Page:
Where There’s Smoke There’s . . .
By David Silva
heech and Chong are on the road again, pissing off the straights while turning on everybody else with their marijuana-infused brand of subversive sketch comedy.
When they arrive in the IE for a one-night show March 15 at San Manuel Indian Bingo & Casino in Highland, the duo will have more than 40 years of experience working together. That is, of course, if you don’t count the 20 or so years they spent in separate corners following one of those “I’ll see you in hell” breakups for which the entertainment world is famous.
So it tends to surprise Tommy Chong—the taller, more politically active half of the pair—when younger fans ask why he and partner Richard “Cheech” Marin chose to leave film and television to start a stage act.
“The younger guys will come up to me after a show and say, ‘I didn’t know you guys did live performances, too,’” Chong says in a phone interview. “They honestly don’t know that we started off in stage comedy.”
For the record, kids, asking Cheech and Chong why they traded the screen for the stage is a lot like asking whether Michael Jackson had any siblings in the music business. Before they broke box-office records with the classic Up in Smoke and before the two launched successful television careers and certainly before Chong became America’s coolest federal inmate, they enjoyed an enormous cult following with their live sketch comedy.
A lot has changed since the days when Cheech and Chong were cutting their comedic teeth on Canada’s underground club scene. For starters, when they take the stage Thursday at San Manuel, the pair can be reasonably assured the sound equipment will work. Or that they’ll have sound equipment.
“In the early days, club managers would come up to us and say, ‘Will you guys be needing microphones?’” recalls Marin in a separate phone interview. “And we’d say, ‘Well, yeah, there are 5,000 people here. We’ll probably need microphones.’ Now, there are facilities that are used to having large shows and the productions have gotten much more sophisticated. The biggest change, as far as we’re concerned, has been the arrival of the casinos. That’s saved the touring industry.”
Chong acknowledges something else that’s changed, both with himself and in his act. The Cheech and Chong of the ’70s and ’80s were known for their incredibly physical performances—one celebrated sketch had them wildly crawling around on their hands and knees impersonating dogs. While remarkably fit for 73 (Chong is known for being a fitness buff), he admits to being far less inclined to risk injury for the sake of the craft.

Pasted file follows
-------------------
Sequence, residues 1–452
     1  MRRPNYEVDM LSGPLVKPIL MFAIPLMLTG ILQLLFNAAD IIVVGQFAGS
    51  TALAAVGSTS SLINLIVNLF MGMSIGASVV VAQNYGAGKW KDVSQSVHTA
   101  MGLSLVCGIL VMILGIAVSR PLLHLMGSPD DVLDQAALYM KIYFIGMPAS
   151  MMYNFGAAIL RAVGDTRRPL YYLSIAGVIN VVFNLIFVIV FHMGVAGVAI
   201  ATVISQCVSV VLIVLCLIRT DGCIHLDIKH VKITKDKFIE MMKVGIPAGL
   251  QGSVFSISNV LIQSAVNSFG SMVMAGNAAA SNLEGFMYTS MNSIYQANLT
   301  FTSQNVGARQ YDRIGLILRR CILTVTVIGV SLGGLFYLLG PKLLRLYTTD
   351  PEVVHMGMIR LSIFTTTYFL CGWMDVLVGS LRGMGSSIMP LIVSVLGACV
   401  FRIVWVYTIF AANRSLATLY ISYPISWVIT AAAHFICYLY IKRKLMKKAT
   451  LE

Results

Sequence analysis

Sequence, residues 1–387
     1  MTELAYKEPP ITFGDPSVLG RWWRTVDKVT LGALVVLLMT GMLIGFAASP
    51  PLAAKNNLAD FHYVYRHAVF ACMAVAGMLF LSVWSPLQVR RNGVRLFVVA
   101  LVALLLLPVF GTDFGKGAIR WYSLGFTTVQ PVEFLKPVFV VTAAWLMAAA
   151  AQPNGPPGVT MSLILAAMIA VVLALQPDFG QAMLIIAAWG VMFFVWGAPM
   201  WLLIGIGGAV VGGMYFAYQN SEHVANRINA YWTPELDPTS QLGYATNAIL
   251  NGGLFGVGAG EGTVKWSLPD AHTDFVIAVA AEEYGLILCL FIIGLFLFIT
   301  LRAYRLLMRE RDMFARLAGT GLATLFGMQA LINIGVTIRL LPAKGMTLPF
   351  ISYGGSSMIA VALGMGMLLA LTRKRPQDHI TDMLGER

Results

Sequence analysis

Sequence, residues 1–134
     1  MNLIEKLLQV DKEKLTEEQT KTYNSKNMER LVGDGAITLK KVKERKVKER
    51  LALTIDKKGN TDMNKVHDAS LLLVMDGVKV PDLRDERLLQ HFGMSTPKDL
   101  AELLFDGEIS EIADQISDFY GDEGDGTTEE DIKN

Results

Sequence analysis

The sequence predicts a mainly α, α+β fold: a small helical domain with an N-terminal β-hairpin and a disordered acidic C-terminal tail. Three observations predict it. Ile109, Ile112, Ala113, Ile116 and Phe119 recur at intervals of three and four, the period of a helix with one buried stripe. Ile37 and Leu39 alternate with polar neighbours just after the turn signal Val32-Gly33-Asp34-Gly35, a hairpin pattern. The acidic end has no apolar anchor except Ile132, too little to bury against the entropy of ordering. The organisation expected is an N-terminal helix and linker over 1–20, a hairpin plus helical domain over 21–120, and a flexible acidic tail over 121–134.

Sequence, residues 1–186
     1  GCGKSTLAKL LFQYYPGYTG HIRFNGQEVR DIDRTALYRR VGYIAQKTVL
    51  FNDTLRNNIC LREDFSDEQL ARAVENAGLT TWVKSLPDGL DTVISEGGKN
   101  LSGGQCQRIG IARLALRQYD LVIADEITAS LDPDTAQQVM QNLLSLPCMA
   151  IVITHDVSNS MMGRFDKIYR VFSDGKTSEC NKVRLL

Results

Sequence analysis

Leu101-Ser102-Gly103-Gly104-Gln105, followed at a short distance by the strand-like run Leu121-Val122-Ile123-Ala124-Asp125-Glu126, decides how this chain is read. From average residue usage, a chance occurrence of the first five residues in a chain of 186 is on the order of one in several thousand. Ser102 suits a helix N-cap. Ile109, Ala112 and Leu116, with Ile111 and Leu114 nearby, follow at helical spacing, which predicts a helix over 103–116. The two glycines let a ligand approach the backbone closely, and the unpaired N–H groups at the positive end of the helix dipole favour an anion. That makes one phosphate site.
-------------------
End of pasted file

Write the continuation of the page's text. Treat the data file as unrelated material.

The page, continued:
“Years ago, we were so active—we were wrestling onstage, crawling around,” he says. “That’s slowed down a bit, but we get more into the head now, into the thinking process. We’re more cerebral now. It evens out. What you lose in energy, you gain in timing.”
Marin, eight years younger than Chong, sees things a bit differently.
“Well, the act is a combination of both—there’s a lot of physicality,” he says. “And there’s a lot more music in it this time—we’re doing a couple more catalogues that we weren’t doing before. There’s also a section in front where we come out into the audience and answer questions. It’s an introduction to the audience that works out very well.”
Despite their public identity as a unit, a kind of yin and yang of the stoner persona, Marin and Chong have always been very different people with very different ideas about where to focus their considerable energies. It was these differences that forced their breakup in the mid-’80s, and ultimately took them on highly divergent career paths.
Chong chose to maintain his pot-smoking hippy image by starring in stoner classics like Half Baked before taking on the recurring role of Leo in television’s That ’70s Show. He also remained an outspoken critic of American drug policy, a stance that earned him both great respect in pot-legalization circles but also the fierce enmity of the federal government. In 2008, he pleaded guilty to federal charges of selling pot paraphernalia across state lines and spent nine months in a federal prison.
“It was like I spent nine months in a spiritual retreat, much like what monks do in Tibet,” Chong says. “It was one of the nicest things that ever happened to me, to tell you the honest truth.”
Marin took a different route, distancing himself from the pot scene through film roles like Disney’s The Lion King and Tin Cup and serious TV roles on shows like Nash Bridges. While a supporter of marijuana legalization, Marin was never an active advocate for it.
“That’s something that’s Tommy’s image, and that’s fine,” Marin says. “I’m all for legalization, but it’s [quasi-]legal already. I’ve shifted my focus—I’m going to focus on getting medical beer.
Along with the medicinal use of Budweiser, Marin also channels his energies toward other endeavors, including assembling one of the largest collections of Chicano art in the country. He’s currently working on a book of essays on the Chicano experience titled “We Come in Peace, and We Have You Surrounded.”
Cheech and Chong at San Manuel Indian Bingo & Casino, 777 San Manuel Blvd., Highland, (800) 359-2464; www.sanmanuel.com. Thu, March 15, 7:30pm. Tickets $25, $35, $45.